we are at the peak of output of construction material.

The fact is we are engaged in building dairies, housing, and all other
buildings. Nonetheless, we are negotiating to expand the construction
materials industry. We are contracting for new cement plants, plants which
in the next 5-year period will allow us to raise the output of cement to
about 5 million tons annually.

In 1973 we will be turning out 2 million tons of cement, possibly a little
more. That is the target that has been set. But we are already at peak
production now. We are creating new possibilities so that in 1975--and
above all in 1976--we will have much more cement available. And with that
we can push the housing program much higher. The program of economic
construction, and also our school building program can be increased once we
produce 5 million tons of cement and when we have much more experience in
building. Then we can virtually accomplish whatever we wish.

We also are raising our output of corrugated tin so as to double its
production at the Antillana de Acero steel mill. We are negotiating for new
mills for producing sanitation--bathroom and kitchen--equipment and other
essential goods.

We have acquired much equipment for producing terrazo tile. There are very
modern plants which require a minimum number of workers. We have had to
build the floors of many of these schools with the traditional method. But
we have one terrazo plant in operation and five more are under
construction. The capacity of these will be some 400,000 square meters
each.

Those who were present at the construction workers plenum will recall the
analysis that was made on the construction of floors with ceramic tile. In
order to produce the amount of ceramic tile needed--let us say by 1975--we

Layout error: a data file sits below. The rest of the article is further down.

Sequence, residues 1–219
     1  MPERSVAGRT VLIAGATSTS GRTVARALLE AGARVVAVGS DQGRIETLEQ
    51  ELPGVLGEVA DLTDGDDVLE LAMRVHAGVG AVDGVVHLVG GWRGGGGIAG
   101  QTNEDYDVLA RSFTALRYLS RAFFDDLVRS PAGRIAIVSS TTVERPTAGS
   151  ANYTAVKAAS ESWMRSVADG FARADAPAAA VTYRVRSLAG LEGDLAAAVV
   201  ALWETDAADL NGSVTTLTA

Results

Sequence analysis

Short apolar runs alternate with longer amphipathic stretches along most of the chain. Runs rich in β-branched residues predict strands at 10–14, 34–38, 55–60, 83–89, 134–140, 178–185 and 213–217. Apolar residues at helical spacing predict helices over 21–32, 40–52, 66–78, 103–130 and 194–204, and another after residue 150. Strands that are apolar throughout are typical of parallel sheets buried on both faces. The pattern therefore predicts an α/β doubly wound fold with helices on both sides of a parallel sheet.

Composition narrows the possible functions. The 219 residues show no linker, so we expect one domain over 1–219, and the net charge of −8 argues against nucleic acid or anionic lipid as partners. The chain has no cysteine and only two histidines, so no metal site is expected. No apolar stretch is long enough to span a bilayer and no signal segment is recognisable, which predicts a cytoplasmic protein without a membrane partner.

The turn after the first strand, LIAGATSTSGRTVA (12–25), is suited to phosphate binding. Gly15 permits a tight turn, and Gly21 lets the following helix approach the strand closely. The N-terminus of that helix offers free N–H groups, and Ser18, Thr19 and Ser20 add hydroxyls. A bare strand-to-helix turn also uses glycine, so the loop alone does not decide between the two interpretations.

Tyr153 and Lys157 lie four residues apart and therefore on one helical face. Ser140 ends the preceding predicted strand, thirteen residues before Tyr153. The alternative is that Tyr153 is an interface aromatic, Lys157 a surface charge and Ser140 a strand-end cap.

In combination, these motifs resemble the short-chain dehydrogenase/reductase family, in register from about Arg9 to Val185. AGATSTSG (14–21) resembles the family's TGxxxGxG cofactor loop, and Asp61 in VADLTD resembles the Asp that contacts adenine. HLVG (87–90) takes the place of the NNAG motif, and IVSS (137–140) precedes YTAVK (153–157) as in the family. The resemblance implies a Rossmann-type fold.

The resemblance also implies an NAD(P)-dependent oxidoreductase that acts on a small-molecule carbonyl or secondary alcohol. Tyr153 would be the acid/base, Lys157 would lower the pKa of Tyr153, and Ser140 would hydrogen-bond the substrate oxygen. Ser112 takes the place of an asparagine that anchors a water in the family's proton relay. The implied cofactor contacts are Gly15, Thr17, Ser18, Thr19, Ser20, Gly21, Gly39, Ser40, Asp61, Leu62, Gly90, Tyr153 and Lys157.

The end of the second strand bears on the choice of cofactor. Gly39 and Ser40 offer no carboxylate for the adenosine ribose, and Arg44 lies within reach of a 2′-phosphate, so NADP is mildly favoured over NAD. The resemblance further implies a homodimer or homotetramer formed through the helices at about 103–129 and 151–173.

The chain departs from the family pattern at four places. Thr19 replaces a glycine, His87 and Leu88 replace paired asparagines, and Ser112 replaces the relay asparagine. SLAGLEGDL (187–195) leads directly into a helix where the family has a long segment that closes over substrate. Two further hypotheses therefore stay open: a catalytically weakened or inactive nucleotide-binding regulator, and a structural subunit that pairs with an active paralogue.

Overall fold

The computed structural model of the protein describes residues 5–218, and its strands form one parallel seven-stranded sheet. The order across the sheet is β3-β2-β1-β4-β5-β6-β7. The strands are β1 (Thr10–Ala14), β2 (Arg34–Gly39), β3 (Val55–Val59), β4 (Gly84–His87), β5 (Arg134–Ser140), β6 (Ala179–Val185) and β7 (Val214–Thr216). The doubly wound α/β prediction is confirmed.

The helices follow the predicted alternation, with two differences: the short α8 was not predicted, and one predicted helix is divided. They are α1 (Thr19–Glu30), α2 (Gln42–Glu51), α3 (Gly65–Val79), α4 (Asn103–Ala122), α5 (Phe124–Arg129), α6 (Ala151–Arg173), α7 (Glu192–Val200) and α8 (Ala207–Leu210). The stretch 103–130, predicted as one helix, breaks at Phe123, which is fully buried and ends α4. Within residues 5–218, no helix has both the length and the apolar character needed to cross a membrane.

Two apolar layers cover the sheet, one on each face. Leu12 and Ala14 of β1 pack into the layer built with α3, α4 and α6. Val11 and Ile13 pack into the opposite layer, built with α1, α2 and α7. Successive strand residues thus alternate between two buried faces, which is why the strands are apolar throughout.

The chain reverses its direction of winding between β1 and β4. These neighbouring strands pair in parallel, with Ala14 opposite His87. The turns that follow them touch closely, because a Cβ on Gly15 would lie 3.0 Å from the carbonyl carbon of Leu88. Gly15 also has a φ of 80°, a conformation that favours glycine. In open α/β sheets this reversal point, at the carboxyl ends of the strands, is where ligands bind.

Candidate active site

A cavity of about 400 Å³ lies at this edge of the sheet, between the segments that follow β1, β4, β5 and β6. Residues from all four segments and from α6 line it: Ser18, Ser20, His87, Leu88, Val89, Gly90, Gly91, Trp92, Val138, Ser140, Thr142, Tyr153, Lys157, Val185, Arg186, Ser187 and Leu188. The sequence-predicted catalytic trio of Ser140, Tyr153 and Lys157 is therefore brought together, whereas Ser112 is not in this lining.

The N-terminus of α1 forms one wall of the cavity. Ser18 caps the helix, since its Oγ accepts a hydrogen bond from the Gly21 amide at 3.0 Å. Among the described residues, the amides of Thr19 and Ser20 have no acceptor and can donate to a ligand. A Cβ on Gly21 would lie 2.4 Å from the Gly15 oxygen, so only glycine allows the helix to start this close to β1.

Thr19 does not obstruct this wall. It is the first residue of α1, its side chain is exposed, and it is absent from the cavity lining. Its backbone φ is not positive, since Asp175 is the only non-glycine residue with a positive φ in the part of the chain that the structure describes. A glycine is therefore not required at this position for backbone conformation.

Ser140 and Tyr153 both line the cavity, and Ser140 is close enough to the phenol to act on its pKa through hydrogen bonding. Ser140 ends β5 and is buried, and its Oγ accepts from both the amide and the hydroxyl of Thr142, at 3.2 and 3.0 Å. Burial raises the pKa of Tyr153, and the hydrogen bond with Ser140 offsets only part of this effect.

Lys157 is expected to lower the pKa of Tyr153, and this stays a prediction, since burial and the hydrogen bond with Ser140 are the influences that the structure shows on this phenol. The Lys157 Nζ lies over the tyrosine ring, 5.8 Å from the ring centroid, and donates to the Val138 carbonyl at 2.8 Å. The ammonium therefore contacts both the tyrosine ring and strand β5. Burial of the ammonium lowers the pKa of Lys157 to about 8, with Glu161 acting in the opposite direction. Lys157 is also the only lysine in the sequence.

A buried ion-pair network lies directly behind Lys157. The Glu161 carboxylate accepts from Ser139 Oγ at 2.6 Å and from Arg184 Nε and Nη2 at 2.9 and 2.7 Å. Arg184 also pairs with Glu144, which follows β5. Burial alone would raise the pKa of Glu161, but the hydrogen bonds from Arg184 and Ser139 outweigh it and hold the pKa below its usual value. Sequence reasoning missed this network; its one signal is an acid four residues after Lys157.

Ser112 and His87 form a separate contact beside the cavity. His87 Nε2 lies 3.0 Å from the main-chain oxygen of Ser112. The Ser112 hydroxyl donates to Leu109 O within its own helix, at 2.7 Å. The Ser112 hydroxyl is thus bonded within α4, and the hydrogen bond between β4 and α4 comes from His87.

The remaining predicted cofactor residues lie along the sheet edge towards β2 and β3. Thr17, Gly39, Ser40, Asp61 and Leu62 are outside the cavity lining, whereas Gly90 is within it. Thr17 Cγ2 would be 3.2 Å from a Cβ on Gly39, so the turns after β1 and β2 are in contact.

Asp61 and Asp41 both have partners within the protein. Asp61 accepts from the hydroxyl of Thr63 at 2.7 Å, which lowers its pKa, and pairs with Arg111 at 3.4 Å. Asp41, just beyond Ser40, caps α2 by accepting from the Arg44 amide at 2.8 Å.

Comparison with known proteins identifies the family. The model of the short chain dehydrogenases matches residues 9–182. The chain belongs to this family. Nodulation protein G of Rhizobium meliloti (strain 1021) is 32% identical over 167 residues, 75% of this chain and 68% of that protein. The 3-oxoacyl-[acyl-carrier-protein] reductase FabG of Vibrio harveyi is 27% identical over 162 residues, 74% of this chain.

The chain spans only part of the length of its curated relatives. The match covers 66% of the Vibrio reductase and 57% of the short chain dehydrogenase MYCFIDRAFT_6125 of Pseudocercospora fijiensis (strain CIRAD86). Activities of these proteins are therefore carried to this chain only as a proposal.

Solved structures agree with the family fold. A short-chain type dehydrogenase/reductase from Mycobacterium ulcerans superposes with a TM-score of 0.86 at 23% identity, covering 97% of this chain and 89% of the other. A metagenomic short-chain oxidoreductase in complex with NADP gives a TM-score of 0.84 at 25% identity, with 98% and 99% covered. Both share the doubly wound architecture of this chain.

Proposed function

would need some 4,000 workers. But it was brought out that only 400 workers
would be needed to produce the same 400,000 square meters of terrazo.

By producing terrazo tiles and using them instead of ceramic tiles, we gain
first of all in quality, we have a 10 times higher productivity figure, and
a higher output by those who lay terrazo tiles instead of ceramic tiles. We
have done this without giving up the ceramic tiles that we manufacture
because, as we have said, we cannot give up anything, not even a single
brick, not even one ceramic tile, because we need this ceramic tile, As
long as we have one small broken down factory, even though old, it will
manufacture one ceramic at a time, one brick at a time.

The use of new technology does not imply that we give up in any way any
aspect of the old technology. We cannot afford the luxury of giving up one
brick or one ceramic tile, even if their productivity is much lower. Yet
the system being used in the construction of floors increasingly now is the
one involving terrazo tiles. We have purchased five plants and we will
continue to purchase more in the future in order to supply the housing
construction programs if they are to satisfy our needs. These have to reach
the figure of 100,000 or higher. All aspects of the construction material
industry have to increase, involving all types of materials.

It is true that with what we use in the construction of one of these
schools, we could build about 150 dwellings. We can neither devote
everything to the construction of schools nor everything to the
construction of dwellings. The construction of dwellings has increased. By
1973, we anticipate that it will increase by 6 or 7 times the construction
of dwellings in 1970. The program of dairy farm construction is higher than
that of 1970; by 1973, it will reach the total of 600 dairy farms. Both
programs increasing side by side.

We acknowledge that about 40,000 dwellings is still a very small number. We
have to find ways to increase it to at least 50,000. We know that this is
insufficient. Even though many buildings are under construction, our total
needs are great. But, in general, with the material foundation that is
being created, the new construction techniques, the increase in
productivity, and so forth, as soon as the foundation is developed during
the next 5 years, we will be able to do in the field of school construction
and in any other type of construction whatever we wish.

That is why by attaining a certain level or capacity by 1973, a capacity
sufficient to provide for about 80,000 new students and the increase we
attain in the construction materials industry in the next 5 years, we will